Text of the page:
Artist Blog

Every week an artist whose single image was published by Der Greif is given a platform in which to blog about contemporary photography.

Why Black and White: David Shannon-Lier

Nov 06, 2017 - Rachel Jump

David’s meticulous practice delves into notions of the self in relation to time and celestial forces. Learn more about his photographs in the context of black and white photography below:

 

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David Shannon-Lier is a photography based artist and educator. Originally from Massachusetts, he attended the School of the Museum of Fine Arts and Tufts University. He received his MFA from Arizona State University.  

David’s work has been exhibited at institutions such as the Museum of Fine Arts, Boston, The Addison Gallery of American Art, the Phoenix Art Museum and more. He has been in shows across the United States as well as abroad, including Seoul, Korea, Vancouver, Canada; Arles, France.  

David now lives in Livingston, Montana with his wife, son and their dog. He is an Assistant Teaching Professor at Montana State University in Bozeman.

 

 Artist Statement:  

 

These photographs come from Of Heaven and Earth, a series of long exposure photographs of altered landscapes. Altered elements in the landscape interact with movements of heavenly bodies in the pictures.

The work stems from gap between the knowledge of the vastness of time and space and the unshakable notion that the tiny acts we engage in each day matter. It comes from our notions of belonging to the land and the land belonging to us, from the allure of the single point perspective photography gives us. It is about the importance of a few hours in a very specific place, alongside the importance of the eternal and unending scale of time and space itself. It’s about mortality.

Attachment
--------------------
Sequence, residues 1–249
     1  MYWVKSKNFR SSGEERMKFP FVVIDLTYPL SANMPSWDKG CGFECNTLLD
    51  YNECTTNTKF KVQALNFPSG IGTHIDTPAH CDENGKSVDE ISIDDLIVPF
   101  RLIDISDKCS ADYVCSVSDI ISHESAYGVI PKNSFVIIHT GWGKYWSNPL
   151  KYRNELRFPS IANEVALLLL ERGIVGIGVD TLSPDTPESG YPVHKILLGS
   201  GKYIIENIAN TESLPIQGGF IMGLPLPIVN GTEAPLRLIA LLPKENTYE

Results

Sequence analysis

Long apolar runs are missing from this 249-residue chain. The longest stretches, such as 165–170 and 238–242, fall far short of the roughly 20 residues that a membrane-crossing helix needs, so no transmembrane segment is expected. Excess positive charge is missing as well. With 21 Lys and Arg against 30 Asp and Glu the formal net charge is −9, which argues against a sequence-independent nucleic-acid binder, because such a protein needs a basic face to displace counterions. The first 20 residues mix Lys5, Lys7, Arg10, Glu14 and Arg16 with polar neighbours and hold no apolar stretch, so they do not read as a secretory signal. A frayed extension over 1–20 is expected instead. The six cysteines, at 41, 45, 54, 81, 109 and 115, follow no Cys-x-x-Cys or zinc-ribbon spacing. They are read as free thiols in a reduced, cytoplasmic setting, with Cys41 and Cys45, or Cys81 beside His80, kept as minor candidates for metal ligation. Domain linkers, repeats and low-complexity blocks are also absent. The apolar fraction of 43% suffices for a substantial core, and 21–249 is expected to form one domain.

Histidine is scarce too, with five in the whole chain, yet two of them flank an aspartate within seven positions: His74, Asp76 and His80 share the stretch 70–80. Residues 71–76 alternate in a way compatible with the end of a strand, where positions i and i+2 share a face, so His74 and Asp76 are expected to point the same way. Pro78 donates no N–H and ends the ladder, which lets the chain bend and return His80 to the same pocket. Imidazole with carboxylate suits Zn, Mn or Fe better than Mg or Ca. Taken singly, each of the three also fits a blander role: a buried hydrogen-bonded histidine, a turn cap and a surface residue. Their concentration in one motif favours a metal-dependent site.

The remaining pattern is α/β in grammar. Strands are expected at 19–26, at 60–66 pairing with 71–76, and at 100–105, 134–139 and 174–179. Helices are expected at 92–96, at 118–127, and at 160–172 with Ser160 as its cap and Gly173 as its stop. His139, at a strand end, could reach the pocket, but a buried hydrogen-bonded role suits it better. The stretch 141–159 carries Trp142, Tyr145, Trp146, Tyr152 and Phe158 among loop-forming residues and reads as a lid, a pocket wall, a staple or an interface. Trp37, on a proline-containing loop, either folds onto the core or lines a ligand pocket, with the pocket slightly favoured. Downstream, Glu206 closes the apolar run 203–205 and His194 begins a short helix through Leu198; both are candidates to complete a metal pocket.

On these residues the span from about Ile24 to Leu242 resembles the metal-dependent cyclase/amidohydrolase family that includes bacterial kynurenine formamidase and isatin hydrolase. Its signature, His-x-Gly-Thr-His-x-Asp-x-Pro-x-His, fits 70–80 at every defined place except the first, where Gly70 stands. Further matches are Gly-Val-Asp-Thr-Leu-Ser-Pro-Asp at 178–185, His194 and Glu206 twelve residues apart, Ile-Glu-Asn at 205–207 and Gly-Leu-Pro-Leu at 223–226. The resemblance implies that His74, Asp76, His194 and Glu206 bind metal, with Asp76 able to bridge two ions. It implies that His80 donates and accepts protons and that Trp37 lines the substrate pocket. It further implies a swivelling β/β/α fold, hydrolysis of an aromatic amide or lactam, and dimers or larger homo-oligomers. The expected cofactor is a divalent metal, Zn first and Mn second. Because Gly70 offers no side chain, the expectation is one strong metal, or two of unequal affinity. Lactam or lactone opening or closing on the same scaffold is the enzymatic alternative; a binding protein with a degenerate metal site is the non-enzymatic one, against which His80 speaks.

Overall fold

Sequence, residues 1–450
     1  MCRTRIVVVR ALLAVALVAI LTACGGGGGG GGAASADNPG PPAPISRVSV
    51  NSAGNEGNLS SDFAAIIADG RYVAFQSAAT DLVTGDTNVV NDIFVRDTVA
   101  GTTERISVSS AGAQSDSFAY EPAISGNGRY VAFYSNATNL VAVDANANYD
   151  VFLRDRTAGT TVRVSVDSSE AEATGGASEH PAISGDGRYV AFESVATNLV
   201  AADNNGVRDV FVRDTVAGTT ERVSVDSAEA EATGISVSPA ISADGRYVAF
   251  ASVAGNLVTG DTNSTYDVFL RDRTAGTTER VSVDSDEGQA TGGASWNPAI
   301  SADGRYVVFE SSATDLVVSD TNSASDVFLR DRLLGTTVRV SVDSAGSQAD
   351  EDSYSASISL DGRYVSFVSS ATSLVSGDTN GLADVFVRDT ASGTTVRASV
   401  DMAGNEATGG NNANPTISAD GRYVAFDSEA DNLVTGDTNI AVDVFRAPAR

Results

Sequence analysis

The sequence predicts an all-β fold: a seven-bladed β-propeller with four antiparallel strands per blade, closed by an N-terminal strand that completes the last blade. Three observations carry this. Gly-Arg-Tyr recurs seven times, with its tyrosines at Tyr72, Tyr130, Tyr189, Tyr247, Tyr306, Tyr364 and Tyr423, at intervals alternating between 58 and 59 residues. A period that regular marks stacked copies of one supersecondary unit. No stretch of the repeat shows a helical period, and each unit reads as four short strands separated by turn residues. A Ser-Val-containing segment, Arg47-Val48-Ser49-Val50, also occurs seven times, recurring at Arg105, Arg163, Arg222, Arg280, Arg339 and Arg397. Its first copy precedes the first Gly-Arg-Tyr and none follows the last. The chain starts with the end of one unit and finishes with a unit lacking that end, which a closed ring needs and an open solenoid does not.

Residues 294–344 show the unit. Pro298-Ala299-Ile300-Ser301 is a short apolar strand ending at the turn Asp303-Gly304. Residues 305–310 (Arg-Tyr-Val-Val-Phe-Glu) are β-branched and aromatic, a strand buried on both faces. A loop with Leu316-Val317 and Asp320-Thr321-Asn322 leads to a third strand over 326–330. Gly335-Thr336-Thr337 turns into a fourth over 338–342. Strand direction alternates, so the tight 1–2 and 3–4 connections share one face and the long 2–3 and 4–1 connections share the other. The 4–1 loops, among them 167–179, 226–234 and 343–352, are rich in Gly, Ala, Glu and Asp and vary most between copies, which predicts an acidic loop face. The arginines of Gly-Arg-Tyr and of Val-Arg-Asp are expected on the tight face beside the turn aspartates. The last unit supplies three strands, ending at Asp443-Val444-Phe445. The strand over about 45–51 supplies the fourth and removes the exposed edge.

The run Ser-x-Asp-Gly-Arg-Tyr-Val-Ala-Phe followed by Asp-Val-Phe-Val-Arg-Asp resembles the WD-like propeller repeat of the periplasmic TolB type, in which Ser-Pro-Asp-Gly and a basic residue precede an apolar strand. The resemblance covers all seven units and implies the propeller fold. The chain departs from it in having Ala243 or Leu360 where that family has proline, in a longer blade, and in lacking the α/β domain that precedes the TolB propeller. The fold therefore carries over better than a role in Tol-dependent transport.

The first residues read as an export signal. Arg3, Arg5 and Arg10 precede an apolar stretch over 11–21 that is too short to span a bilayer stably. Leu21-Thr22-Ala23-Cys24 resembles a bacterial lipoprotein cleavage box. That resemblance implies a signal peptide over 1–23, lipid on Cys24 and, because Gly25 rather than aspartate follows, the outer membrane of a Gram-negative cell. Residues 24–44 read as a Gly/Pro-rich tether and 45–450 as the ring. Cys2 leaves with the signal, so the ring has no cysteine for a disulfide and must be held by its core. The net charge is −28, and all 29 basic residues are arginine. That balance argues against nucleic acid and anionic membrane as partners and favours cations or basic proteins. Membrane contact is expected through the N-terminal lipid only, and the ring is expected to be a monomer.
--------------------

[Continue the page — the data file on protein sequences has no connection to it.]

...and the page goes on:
Why Black and White?    

 

Mostly, I just enjoy the silver gelatin process. I like working at an enlarger more than I like sitting at a computer. I like working with an 8×10 camera more than any digital camera I have used. I like touching the objects I am making while I am making them.

Also, the photographs in the series Of Heaven and Earth are tediously difficult to set up and make, involving precise measurements and hours of preparation. I don’t want them to feel tedious or difficult, though. I want them to feel effortless. The simplicity of black and white and how I associate it with evidence or memory makes it the right choice for my work.

 

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To view more of David’s photographs, please visit his website.